Saturday, February 26, 2011

Olympus Zuiko 8mm F3.5 Fisheye: The First Dive

It is perfectly understandable why Fisheye lens is not the first choice of many photographers, or does not even make it into the list of considerations of lens additions for the majority of photographers out there. It was not very appealing to me either. The fact that the lens characteristics exhibit massive amount of perspective and barrel distortion was not something that would encourage a frequent, regular use on any photography genre at all. The distinctive outcome of a fisheye image is basically a love it or hate it affair. Sadly, people are so used to seeing things in straight lines that when you bend the lines a little, they will turn into lions and chew your head right off.

Fisheye is all about bending the lines. It is about breaking the rules of technical perfection. It is about exploring other possibilities, and trying to be different, presenting something rather unusual than the ordinary looking photographs.

In this world, lines are straight. But in the world of photography, the possibilities are endless. We, as photographers, should define the possibilities, and we are free to break away from any restrictions that are holding us down. Photography is about freedom of expression, and I choose to express myself differently. Standing out from the crowd comes with a high price: to be seen as a unique individual with new and fresh ideas, or to be ridiculed, rejected and trashed aside simply because you fail to fit in. The debate goes on, in photography, are we shooting to please others and gain recognition, or are we picking up the camera to enjoy photography at its truest essence?

A reflection of an old building.

Thursday, February 24, 2011

Jason Lioh's Birthday @ The Daily Grind

It was a beloved friend, Jason Lioh's (also known as the infamous Jasonmumbles) awesome birthday that we decided to have a feast and a catch up session on the actual day itself. Chong, Huey Yoong, Jason and I were at the Daily Grind, Bangsar Village for dinner, a place that is reputable for really good burgers.

I have just received my copy of Olympus Zuiko 8mm F3.5 Fisheye lens, couriered directly from Olympus Singapore yesterday. I have the lens at almost zero cost, as a form of payment for the use of one of my photographs in their recent advertising purposes in Singapore. What better place and time to test-drive the fisheye lens, than a friend's birthday dinner, right? All photographs in this entry were shot with Olympus E-5 with the Zuiko 8mm F3.5 fisheye.


Tuesday, February 22, 2011

KL Bird Park with Olympus E-5

It was a glorious Sunday morning, the infamous Jasonmumbles and I decided to attack the KL Bird Park. Jason has his trusty gigantic Bazooka Canon 70-200mm F2.8 L IS USM UKM MMU lens, while I was armed with my humble, old and worn-out budget tiny Zuiko 40-150mm F3.5-4.5. We arrived ridiculously early in the morning, just after the park was opened to the public to avoid the massive crowd. The weather was fair and we had our early morning shutter therapy.


Gotta love the 50mm F2 !! Check out the bokeh.

Monday, February 21, 2011

Nokia C6-01: The Tiny Camera that Snaps

Side Note: All images in this entry except the first image, were taken with the Nokia C6-01. Moderate post-processing (image editing) were applied, hence the images should not be used as reference.

My old phone was dying, hence I was on a hunt for a replacement. My budget was RM1000, and I would not go much further beyond that. My requirements were simple, I wanted a phone that still is a phone (that does efficiently well in calls and texting, reliably), has a decent screen, with additional important features, such as integrated web-browsing to enable me being connected to the internet wherever I go to. I need regular updates on my emails since I am getting more urgent correspondences these days, and of course, it would be awesome if I could reply any comments on my blog almost instantaneously, right?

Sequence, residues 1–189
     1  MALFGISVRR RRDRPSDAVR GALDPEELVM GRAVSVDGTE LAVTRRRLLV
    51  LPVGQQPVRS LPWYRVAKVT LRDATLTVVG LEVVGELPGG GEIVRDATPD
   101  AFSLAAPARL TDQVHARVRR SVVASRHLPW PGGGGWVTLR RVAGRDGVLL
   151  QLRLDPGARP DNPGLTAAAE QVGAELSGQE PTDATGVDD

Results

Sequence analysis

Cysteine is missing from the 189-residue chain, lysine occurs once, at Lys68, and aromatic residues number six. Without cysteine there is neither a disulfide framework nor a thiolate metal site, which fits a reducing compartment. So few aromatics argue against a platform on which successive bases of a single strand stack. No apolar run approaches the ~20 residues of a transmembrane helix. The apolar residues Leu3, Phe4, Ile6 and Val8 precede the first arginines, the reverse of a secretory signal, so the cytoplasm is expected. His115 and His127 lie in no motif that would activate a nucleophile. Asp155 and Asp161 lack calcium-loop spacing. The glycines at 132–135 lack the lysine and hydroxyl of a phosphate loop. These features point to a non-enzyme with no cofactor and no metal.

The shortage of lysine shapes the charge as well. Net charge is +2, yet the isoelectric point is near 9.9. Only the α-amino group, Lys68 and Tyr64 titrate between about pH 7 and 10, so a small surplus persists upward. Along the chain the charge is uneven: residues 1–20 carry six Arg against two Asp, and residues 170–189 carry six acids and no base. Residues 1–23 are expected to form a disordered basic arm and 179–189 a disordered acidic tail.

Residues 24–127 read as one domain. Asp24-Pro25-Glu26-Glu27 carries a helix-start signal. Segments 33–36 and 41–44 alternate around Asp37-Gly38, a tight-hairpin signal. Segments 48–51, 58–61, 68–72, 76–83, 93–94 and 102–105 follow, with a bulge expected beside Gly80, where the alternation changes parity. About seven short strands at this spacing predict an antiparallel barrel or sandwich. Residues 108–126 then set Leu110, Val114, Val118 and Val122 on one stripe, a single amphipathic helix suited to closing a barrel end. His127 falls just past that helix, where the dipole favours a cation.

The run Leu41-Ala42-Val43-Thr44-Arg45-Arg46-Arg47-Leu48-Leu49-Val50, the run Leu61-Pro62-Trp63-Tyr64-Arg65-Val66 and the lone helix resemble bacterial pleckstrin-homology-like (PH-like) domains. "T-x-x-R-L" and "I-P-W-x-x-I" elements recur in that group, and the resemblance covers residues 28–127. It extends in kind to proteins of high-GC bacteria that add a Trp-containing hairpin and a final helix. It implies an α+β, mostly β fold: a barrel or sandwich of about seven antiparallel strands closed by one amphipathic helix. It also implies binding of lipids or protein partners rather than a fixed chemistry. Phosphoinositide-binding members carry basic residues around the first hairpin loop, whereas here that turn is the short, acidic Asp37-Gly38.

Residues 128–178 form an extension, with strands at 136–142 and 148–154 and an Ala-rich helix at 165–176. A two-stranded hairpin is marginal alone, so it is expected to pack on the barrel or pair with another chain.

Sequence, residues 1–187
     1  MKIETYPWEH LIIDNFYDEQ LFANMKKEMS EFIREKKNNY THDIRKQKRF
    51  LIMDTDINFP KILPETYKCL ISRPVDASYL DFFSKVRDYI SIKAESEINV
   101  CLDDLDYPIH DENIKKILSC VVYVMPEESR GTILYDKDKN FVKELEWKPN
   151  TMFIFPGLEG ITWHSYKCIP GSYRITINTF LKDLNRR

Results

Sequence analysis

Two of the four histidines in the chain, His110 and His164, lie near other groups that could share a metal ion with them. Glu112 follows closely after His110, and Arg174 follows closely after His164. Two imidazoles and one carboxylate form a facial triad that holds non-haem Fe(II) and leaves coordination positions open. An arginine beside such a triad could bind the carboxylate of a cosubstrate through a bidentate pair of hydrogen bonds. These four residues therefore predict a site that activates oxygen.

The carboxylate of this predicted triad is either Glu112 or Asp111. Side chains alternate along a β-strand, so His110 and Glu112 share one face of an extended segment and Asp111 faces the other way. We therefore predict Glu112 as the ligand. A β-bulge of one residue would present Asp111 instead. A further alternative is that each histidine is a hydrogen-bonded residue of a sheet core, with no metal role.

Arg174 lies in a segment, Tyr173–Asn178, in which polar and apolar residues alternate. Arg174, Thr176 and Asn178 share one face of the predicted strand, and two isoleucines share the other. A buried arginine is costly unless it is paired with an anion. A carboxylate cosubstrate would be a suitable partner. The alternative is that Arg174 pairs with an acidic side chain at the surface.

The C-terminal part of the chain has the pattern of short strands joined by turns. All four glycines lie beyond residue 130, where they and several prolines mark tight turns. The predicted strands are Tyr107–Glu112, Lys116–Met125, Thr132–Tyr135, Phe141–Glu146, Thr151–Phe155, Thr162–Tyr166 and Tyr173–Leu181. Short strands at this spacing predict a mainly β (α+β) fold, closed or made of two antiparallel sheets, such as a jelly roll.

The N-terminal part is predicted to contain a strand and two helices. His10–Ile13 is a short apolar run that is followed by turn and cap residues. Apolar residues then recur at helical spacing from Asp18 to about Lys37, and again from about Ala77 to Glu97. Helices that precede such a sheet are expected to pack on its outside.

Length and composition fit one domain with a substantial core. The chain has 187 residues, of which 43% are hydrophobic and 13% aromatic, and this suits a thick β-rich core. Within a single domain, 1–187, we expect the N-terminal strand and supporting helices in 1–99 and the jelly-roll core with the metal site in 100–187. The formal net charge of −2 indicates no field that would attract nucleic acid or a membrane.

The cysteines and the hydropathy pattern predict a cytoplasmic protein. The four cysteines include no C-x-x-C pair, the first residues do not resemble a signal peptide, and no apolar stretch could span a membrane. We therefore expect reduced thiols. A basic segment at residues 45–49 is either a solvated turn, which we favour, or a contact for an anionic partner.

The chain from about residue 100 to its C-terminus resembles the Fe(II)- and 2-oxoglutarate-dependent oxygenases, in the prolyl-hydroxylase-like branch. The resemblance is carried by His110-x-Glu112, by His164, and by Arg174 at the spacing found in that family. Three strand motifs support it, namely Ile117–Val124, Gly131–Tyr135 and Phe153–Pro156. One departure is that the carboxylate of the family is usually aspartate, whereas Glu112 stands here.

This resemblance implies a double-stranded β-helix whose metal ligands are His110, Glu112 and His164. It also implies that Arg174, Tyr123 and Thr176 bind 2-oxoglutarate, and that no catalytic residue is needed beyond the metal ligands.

Lets not go into why not I-Phone or Blackberry or Android or some cheap China no-brand phone, this argument wont lead us anywhere.

After doing some research, I found the phone that matched my needs was Nokia C6-01, and I purchased it without hesitation. By now, I know you must be thinking, "How about the built-in camera on the phone? How come no mention or any consideration at all?". Well, to be honest, I did not even consider the camera on the phone at all, and I have always believed that camera phones are useless. This may be harsh, but I have not seen anything that comes out from any new camera phones that can make me think otherwise. No offense to some hardcore camera phone fans out there, perhaps, in a few years to come, the technology may catch up, but not now.


Nokia C6-01, image shot with Olympus E-5 with Sigma 30mm F1.4

Saturday, February 19, 2011

Chow Kit Frenzy Begins

People who know me know that I have been obsessed with Chow Kit, KL lately. There is something indescribable about the streets in Chow Kit that kept me going back again and again for more shutter therapy sessions. I just cannot seem to get enough of the things to photograph there, and I have always enjoyed my walk every time I was there. People have warned the dangers and risks of being in the unsafe districts of KL, with high crime rates. However, I see things differently. I see great photography opportunities. I see people, I see lives, I see untainted truths, I see preserved genuine Kuala Lumpur, I see a melting pot of various local cultures, I see heartful smiles and I see the soul of the streets.

One week ago, I was accompanied with Fariz and Ujai to Chow Kit. Not getting enough of my Chow Kit dosage, I decided to attack Chow Kit again today, in the early morning together with a great photographer friend, Aaron Chin.

The following are the sets of photographs from last week's walkabout session with Fariz and Ujai.

Circuit failure.

Wednesday, February 16, 2011

Long Tuesday

Yesterday (Tuesday) was the Prophet Mohammad's birthday, hence we had a national public holiday in Malaysia. Still suffering from post-holiday syndrome coming back from a long Chinese New Year break a week ago, this little day off, no matter how brief, was much appreciated.

I felt that I have stretched my Tuesday a little longer than expected. I woke up rather early, in hopes of doing some shutter therapy on the streets. I know, I know, which crazy dude would give a long morning sleep in a pass, right? Working full time in a city means you have very little time to yourself, and I really treasure my time that I spend with my camera and gear.